Dr. Erin Spear
Lead Scientist/Principal Investigator
Dr. Erin Spear started as a Staff Scientist at the Smithsonian Tropical Research Institute (STRI) in Panama in 2022. She has conducted research in the forests of Panama since 2009. Her research intersects disease ecology (who gets sick from what, where, and why), mycology (the study of fungi), and community ecology (how different species and the environment interact and how do those interactions shape a community).
Her work addresses two key questions in ecology: (1) How do multiple species intensely competing for the same resources coexist in diverse communities, in other words why doesn’t the best competitor win and the losers disappear?; and (2) What factors exclude certain species from otherwise suitable habitats? As STRI’s Forest Microbial Ecologist generously funded by the Simons Foundation, Dr. Spear is developing novel approaches for understanding the distributions of microorganisms across host plants, geographic space, and time to transform microbial research in the tropics. Previously she received a Ph.D. in Biology from the University of Utah, served as a postdoctoral researcher at Stanford University, and was tenure-track faculty at Regis University in Denver, Colorado.
Javier has over 20 years of experience working at STRI and has been an integral contributor to numerous projects focused on plant-microbe interactions.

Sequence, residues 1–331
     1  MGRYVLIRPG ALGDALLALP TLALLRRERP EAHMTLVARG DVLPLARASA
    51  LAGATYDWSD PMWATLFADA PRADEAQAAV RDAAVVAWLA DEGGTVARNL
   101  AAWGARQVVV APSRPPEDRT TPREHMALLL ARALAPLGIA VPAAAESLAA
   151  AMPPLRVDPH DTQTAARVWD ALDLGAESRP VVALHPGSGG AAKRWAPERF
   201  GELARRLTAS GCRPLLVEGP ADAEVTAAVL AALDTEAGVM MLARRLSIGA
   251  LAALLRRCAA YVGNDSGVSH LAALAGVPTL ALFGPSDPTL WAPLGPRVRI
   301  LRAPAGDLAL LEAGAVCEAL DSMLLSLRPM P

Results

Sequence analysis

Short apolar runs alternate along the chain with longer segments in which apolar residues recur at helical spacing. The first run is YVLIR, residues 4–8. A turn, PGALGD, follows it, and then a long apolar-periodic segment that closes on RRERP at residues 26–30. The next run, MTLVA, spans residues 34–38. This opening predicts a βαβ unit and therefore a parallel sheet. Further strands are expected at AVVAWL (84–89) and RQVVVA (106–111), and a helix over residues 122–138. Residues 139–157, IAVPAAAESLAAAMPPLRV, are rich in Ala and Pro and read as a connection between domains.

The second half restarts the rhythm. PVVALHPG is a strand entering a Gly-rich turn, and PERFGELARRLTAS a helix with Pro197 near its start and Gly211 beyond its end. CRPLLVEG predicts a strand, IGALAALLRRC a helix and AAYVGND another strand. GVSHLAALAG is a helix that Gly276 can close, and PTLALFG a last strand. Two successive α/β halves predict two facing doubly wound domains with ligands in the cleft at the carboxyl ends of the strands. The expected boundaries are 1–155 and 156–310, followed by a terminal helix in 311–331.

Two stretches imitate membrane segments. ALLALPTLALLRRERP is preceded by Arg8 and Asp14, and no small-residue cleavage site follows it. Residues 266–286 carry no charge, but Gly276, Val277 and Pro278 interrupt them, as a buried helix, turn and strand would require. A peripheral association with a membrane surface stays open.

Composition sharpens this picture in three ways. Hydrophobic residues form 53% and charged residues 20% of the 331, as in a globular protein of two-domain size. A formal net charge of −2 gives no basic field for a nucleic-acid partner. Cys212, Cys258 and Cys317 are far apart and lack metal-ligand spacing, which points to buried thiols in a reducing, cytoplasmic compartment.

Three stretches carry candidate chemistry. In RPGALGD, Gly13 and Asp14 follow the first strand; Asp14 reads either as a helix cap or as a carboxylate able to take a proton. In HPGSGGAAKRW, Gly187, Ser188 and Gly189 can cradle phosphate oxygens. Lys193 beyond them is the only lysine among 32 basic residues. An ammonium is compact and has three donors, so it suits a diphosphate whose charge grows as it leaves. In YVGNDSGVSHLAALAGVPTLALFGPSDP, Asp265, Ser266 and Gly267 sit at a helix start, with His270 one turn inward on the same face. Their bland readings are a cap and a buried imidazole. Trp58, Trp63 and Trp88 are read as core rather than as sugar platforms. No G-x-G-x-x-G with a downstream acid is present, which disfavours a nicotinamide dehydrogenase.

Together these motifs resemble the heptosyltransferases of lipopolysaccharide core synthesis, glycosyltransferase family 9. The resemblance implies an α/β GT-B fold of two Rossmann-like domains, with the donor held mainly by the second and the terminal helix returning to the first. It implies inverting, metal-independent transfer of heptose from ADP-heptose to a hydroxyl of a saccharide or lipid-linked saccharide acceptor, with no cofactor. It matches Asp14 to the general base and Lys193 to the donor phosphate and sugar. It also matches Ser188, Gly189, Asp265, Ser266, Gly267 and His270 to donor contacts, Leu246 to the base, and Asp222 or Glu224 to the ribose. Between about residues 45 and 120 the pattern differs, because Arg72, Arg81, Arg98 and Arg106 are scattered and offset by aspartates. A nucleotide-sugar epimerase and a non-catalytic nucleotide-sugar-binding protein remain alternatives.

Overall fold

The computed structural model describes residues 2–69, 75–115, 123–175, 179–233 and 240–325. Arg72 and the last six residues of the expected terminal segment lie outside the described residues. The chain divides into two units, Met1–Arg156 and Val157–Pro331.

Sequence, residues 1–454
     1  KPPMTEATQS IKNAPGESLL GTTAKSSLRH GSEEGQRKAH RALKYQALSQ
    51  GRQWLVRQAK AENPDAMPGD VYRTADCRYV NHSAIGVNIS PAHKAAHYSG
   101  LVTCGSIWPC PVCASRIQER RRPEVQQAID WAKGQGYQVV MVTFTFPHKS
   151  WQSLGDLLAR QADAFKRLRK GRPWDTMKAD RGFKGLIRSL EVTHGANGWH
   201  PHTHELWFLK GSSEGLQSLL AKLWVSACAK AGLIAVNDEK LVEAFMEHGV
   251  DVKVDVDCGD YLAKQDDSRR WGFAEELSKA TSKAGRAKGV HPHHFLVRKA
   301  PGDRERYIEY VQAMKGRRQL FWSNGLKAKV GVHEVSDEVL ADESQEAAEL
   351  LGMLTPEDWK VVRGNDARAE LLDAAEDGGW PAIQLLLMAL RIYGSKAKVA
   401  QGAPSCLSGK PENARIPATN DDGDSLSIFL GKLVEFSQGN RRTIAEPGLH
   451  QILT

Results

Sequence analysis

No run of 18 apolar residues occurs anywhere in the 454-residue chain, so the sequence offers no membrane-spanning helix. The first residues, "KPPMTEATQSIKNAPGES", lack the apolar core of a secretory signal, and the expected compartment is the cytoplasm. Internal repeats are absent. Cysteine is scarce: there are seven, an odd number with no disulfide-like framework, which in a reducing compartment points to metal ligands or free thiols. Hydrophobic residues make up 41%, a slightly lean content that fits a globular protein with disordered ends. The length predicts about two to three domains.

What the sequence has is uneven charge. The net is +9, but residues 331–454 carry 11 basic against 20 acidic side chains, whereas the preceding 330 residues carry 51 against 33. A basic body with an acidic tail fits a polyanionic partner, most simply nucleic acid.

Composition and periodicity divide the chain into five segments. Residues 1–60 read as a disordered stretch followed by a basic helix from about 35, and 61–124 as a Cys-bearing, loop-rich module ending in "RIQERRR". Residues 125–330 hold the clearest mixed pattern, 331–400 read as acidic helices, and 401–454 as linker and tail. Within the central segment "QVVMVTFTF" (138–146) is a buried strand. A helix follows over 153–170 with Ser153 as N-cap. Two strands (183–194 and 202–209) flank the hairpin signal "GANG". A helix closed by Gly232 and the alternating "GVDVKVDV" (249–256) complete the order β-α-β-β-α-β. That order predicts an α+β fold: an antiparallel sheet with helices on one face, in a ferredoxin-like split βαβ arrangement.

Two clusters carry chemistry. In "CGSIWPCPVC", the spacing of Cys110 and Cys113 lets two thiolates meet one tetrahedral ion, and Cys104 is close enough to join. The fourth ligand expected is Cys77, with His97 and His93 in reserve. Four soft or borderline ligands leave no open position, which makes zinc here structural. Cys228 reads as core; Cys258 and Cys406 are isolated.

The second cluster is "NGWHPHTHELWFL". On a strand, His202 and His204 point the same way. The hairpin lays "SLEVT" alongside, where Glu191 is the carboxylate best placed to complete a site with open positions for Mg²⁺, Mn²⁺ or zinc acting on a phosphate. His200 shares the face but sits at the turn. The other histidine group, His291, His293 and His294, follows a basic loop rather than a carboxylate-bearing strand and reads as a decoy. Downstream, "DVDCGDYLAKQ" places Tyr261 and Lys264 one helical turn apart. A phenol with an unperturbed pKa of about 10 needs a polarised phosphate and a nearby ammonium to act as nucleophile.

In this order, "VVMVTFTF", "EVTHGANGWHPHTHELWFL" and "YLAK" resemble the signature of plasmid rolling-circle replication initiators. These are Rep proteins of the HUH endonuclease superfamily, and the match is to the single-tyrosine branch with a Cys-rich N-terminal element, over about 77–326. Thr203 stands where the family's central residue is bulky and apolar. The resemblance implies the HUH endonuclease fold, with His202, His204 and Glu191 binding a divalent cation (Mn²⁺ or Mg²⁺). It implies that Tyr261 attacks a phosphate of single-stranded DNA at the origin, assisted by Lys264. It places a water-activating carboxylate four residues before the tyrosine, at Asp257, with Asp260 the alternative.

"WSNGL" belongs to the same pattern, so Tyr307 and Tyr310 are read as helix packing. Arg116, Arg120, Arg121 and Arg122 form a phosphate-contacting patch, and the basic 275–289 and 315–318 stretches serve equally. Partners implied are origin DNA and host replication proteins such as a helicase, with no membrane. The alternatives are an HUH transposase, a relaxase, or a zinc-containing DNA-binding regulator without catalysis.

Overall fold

Dr. Harikrishnan (Hari) Venugopalan Nair Radhamoni
Postdoctoral Research Fellow
Hari is a tropical-forest plant ecologist and an experienced wildlife conservationist. He completed his PhD at Yale University (Comita Lab), where he studied spatial and temporal variation of herbaceous angiosperm diversity in India’s Western Ghats dry forests. Hari’s previous work includes studying plant-soil interactions in Venezuela’s Orinoco rainforests. At STRI, he is working on the spatial and temporal dynamics of tree interactions with heart-rot fungi in Panama’s rainforests, especially, in the Barro Colorado Island. His work will involve sonic tomography technique, a non-invasive method to detect and assess internal infection in trees.
Blaine, a native of Arkansas, is interested in biotic interactions and the maintenance of biodiversity, as well as the abiotic factors structuring communities. As an Environmental Biology graduate at Tulane University in the Sunshine Van Bael lab, he completed an honors thesis on tropical liana adventitious roots and fungal colonization. Collecting these samples at STRI inspired him to return to the tropical forest system. With his background in mycorrhizal mutualisms, he hopes to explore tropical disease ecology and the role of pathogenic microbes in maintaining forest structure.
Chloe has a strong love for disease ecology, which led her to pursue a master’s degree in infectious disease from Drexel University. Her love for animals drives her interest in vertebrate zoonoses and vector-borne diseases. She is especially interested in the impacts of climate change on disease spillover. With her unique background and perspective, she looks forward to examining the impacts of climate change on plant pathogens and the implications for human disease.
Fransuá Mar Otero Margary